The more I get into this blogging malarky; the more people seem to ask me for money.
The unofficial term I shall use for this form of online begging is “crowd mugging.”
Just whilst you are here:
how would you like to contribute to my routine private dental and healthcare costs? My teeth are really very sore today. Sad face.
Or even better:
you too could make me a $50 donation so that I can keep eating out at fancy places and then blog about it afterwards?
Obviously I am just jesting with you, but sadly these are real examples from users of this very platform.
I don’t know about you, but as a blog reader, I find this really offensive.
Many millions of us aspire to make a living by being discovered as writers or artists. Assuming one is any good, this dream is made even more difficult to realise within the ever saturated blog sphere.
So why should these hustlers be allowed to canvas money from us humble bloggers and blog fans for nothing in return (and get their kicks for free)?
Correction. It is probable that you will get someone being very, VERY nice to you in return for your generous donation.
Before I go any further, I’m not, by the way, talking about the more legitimate forms of “crowd funding” run by reputable and established (i.e. tax paying) websites. These sites host the entrepreneur or artist who is willing to take a risk and who always promises to give something (money or product related) back in return for their projects if they reach their monetary targets. The last figures that I saw suggested a 60-80% failure rate of crowd funded businesses to date and, you guessed it, predictions of the bubble bursting imminently. At least as investors, we can go into such ventures with our eyes open, especially since one might not expect a huge ROI on an arty thing and/or may just invest for fun or love.
Back to the muggers though. I noticed that #1 beggar’s latest blog plea (for $600 dental fees) was flanked by a few comments that offered up donations/big high fives/good wishes and other jolly hockey stick comments from his adoring fans. I was amazed. Why were people happy to part with their hard earned cash? I’m all for charity, but in this case? Really?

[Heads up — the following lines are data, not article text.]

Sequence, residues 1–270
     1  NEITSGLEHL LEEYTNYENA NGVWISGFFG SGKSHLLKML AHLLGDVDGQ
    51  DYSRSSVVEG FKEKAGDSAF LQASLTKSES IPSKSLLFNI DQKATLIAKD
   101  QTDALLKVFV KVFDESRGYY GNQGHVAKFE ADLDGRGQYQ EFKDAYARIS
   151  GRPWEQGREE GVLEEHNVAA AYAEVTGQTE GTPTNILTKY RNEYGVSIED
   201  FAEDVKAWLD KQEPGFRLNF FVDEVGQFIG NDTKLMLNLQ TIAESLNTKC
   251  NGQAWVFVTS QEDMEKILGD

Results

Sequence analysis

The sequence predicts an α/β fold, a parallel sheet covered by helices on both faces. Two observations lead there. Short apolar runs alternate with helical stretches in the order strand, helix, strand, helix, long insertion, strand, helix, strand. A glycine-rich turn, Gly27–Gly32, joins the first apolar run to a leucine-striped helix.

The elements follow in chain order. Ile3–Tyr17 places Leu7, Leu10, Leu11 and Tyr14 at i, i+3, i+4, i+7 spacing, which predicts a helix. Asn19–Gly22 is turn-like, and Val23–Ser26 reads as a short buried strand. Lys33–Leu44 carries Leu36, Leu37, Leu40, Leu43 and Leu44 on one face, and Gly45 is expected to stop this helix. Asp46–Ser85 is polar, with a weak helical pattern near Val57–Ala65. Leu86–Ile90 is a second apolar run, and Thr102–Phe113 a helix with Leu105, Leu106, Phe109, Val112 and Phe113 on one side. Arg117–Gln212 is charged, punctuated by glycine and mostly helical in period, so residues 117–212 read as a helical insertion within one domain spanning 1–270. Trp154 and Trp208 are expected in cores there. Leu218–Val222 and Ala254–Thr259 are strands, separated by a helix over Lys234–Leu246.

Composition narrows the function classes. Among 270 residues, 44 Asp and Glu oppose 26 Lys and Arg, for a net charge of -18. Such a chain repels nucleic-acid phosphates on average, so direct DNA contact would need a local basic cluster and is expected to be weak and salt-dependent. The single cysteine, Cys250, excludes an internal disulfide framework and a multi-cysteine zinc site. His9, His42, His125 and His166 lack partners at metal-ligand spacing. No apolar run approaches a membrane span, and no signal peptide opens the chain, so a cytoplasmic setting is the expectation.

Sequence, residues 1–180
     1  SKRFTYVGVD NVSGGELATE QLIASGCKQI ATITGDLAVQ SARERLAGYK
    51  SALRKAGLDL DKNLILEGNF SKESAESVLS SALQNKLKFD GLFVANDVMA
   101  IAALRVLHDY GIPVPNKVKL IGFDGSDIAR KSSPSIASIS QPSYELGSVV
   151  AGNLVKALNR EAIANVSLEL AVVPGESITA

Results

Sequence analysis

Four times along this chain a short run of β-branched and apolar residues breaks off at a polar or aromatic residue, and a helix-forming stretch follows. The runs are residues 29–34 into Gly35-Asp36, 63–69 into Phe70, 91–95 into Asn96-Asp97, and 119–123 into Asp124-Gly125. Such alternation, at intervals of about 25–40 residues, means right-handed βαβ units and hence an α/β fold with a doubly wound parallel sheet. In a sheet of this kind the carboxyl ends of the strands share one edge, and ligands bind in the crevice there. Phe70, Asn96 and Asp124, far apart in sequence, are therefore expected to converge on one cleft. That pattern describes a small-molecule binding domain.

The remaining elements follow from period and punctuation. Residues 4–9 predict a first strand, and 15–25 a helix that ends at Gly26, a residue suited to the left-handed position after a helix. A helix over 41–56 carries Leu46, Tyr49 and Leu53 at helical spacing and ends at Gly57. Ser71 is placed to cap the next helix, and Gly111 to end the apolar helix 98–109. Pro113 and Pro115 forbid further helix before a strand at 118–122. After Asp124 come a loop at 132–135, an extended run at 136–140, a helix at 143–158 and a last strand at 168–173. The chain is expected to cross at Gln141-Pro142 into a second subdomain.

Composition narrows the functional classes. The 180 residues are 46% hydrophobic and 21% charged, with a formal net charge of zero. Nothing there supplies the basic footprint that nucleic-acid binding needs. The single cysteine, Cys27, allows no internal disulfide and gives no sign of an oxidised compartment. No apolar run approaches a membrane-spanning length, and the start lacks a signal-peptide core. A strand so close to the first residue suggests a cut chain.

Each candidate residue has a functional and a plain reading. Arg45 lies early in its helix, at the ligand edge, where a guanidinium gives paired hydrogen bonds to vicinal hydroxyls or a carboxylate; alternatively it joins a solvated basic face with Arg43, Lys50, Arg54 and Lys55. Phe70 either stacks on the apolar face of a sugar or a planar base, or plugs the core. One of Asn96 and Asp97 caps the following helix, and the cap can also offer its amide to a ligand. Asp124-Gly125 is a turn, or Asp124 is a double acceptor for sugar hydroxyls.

I decided that I would post a (very diplomatic) comment asking him if he had ever experienced any negativity going his way given that his posts all revolve around and end with a request for donations. Somewhat unsurprisingly, my comment was never accepted as moderated for his site, nor did he respond to me. This was an opportunity for him to put his side of the debate across. I checked his historic posts for voices of dissent in the comments lists. Nothing. I remain completely censored and very intrigued.
Am I really the only cynic? Now the guy writes well, but not well enough or on subjects of sufficient interest to justify a $600 pay check for one post. Surely? I suppose my attitude towards bloggers who promote products with articles that they have been paid to write is largely positive provided they are as honest as possible in their reviews. Is this really poles apart just because its a business paying for promotions? We are all just trying to make a living writing, right?
Before you say it, its not just the green eyed monster in me speaking because someone is getting rich quickly, I mainly worry about the online grooming aspect of crowd mugging. Do these people prey on the vulnerable? Again, I’m not referring to the promotion of “legitimate” crowd funding of projects through sites. I just feel that this should be better policed. Really just incase my granny pledges her house or something.
I hear that the UK government has plans in place to regulate crowd funding sites in the near future. The particular focus of this new regulation has been prompted by some issues with sites where pledgers can set the percentage rate of return on investment. Protections are therefore required to safeguard entrepreneurs and artists from loan sharks at the extreme end of the spectrum. I wonder if they will harness the “donations” market as part of this regulation. Is there anything they can do if someone is happy to pay a person for nothing in return? This strikes me as a particularly difficult area to regulate if cross border transactions are taking place and possibly not a high priority way to spend the tax payer’s money to investigate.
I throw this issue out to the floor for further consideration. Am I being overly harsh? Perhaps you would be happy to support this chap just for trying? Are you a crowd finder or indeed, by my definition, a crowd mugger? Can you defend your position? Or does it make your blood boil? Take it away!